Motor Third-Party Liability Insurance
Raising Awareness and Improving Safety - Indian Experience
The evolution of third-party liability jurisprudence in India can be traced to enactment of the Fatal Accidents Act in 1855. Prior to that, fatal accidents were the subject of adjudication under the common law. The law only recognized fatalities; bodily injuries, both simple and grievous, were outside the scope of law. The Motor Vehicles Act was passed in 1939 and subsequently amended several times.
Effectiveness of the Existing Legal Framework
The existing legal framework is grossly inadequate in the context of the rapidly growing number of claims. The capacity of roads has not kept pace with the number of vehicles, which is likely to double every five years for at least the next two decades. As a result, India has the highest rate in the world of accidents per 1,000 vehicles and a backlog of more than 1.5 million claims pending before tribunals. This backlog is likely to grow unless corrective measures are implemented quickly. One such effort has been to establish alternative forums for resolving claims. However, many claimants view the alternatives as an effort to deny them adequate compensation, and the legal system needs to be reformed to make alternative forums for resolving claims more attractive to claimants.
The cost of claims is rising for several reasons:
- Rising income levels, as compensation is linked directly to income of the victim
- Growing awareness that vehicle owners are liable for accidents involving property or individuals
- Significant increase in the average income of road users, resulting in a proportionate increase in compensation levels
- Improved life expectancy of road users, resulting in higher costs of claims
- Increasing cost of medical care for injury cases
- Increasing cost of claims management and litigation.
With the opening up of the market in 2001 and the entry of private insurance companies, there was clear recognition that price distortion in MTPL insurance had to be corrected without delay. The private insurers were unwilling to cover MTPL, and the state-owned companies were being saddled with almost the entire loss-making MTPL portfolio, causing severe overall underwriting loss to them. The TAC came under tremendous pressure to revise prices upward and to ensure that losses in this portfolio are equitably shared. The biggest handicap in arriving at rational and transparent pricing has been the absence of credible data to support and justify an almost 200 percent increase in the cost of MTPL insurance.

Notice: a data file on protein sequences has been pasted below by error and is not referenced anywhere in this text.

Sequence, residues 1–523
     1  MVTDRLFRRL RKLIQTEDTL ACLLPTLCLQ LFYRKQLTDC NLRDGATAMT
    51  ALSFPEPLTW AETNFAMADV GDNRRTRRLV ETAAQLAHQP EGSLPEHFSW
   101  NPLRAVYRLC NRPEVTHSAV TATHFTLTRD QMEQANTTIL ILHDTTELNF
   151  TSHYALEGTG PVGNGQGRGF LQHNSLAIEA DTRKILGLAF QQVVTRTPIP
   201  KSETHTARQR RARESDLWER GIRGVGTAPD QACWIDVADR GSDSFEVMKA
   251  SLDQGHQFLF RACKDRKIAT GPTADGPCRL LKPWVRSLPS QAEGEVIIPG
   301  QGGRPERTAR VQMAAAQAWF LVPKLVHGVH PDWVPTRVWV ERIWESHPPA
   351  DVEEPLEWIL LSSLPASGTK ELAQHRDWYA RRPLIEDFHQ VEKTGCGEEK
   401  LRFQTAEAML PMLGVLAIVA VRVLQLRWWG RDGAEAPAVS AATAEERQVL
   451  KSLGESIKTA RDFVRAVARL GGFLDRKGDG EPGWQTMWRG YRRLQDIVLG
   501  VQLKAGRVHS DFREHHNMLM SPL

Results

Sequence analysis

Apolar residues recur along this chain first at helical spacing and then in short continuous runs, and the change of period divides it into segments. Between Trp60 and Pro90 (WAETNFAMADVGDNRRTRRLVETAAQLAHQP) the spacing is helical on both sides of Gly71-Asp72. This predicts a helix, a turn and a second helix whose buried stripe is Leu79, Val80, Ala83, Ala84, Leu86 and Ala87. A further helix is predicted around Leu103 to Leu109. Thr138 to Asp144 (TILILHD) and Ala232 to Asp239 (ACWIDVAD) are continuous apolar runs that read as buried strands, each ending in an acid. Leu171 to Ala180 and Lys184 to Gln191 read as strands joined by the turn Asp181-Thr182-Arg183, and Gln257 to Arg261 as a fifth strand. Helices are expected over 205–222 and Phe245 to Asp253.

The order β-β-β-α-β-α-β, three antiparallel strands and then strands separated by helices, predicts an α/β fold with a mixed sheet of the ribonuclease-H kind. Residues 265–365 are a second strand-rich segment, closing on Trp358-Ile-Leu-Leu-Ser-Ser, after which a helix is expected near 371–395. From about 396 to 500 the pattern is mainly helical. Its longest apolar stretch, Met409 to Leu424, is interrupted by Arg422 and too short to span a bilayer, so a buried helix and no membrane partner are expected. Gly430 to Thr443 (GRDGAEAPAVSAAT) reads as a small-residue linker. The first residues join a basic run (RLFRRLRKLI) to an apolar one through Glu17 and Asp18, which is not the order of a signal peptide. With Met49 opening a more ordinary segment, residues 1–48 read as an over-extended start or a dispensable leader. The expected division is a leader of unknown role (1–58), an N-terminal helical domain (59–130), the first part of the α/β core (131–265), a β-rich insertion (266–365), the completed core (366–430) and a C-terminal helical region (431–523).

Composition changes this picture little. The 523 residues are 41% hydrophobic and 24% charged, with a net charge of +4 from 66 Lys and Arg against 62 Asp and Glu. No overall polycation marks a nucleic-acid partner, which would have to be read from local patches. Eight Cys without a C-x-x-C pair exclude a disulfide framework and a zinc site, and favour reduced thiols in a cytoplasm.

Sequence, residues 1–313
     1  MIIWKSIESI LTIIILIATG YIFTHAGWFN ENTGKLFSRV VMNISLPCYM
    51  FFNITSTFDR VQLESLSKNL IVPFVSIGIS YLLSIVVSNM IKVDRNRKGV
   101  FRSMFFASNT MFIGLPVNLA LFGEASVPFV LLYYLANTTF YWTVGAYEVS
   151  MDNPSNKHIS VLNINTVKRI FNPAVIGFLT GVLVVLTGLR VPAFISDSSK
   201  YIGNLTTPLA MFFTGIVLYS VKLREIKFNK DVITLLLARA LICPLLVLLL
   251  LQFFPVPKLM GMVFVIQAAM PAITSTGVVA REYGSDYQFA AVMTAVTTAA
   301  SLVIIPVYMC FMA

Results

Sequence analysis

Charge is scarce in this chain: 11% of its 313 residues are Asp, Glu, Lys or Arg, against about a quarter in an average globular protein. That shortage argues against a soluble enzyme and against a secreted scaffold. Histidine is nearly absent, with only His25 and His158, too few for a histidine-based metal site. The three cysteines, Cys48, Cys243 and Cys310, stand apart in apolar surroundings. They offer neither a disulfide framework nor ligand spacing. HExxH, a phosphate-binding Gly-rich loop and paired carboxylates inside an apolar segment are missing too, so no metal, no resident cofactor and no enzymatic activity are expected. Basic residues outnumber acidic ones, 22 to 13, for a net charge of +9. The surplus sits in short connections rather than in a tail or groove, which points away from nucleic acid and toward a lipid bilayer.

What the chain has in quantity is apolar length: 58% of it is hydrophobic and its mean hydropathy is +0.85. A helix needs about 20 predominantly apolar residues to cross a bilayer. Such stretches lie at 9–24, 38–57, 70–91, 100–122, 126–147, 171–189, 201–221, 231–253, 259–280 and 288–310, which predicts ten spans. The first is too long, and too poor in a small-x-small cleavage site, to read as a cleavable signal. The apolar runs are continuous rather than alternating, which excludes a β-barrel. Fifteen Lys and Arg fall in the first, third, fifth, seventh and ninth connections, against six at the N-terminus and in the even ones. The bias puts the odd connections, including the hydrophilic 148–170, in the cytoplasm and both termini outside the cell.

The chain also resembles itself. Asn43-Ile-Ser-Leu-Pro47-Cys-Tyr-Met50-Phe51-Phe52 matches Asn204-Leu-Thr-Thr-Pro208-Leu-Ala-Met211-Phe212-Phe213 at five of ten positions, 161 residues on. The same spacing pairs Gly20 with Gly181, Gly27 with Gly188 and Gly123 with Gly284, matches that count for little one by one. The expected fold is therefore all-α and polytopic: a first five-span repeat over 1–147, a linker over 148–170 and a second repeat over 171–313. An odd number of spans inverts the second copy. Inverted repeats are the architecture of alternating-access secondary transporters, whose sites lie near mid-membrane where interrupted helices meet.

The first step in addressing the mismatch was for the regulator to collect and validate the requisite data. Since the insurers were not on identical technology platforms, the task of collecting and collating data in respect of millions of past polices and claims was indeed Herculean. After nearly two years of hard work and investment of significant resources, TAC was able to present only partial data that were considered to be a reliable sample for working out a rational pricing policy for MTPL insurance.
Calculation of Base Premiums for MTPL
Ideally, the pricing for any class of insurance business should be such that determined rates, when applied to the exposures underlying the risk being written, (a) provide sufficient funds to pay expected losses and expenses, (b) maintain an adequate margin for adverse deviation, and (c) produce a reasonable return on (any) funds provided by investors. Prices for insurance products are generally subject to regulatory review, and this review is often based on the regulatory standard that prices shall not be inadequate, excessive, or unfairly discriminatory between the risks of like kind and quality. These general principles of risk rating also apply to MTPL insurance. The base rates represent precise estimates based on reasonable and consistent assumptions.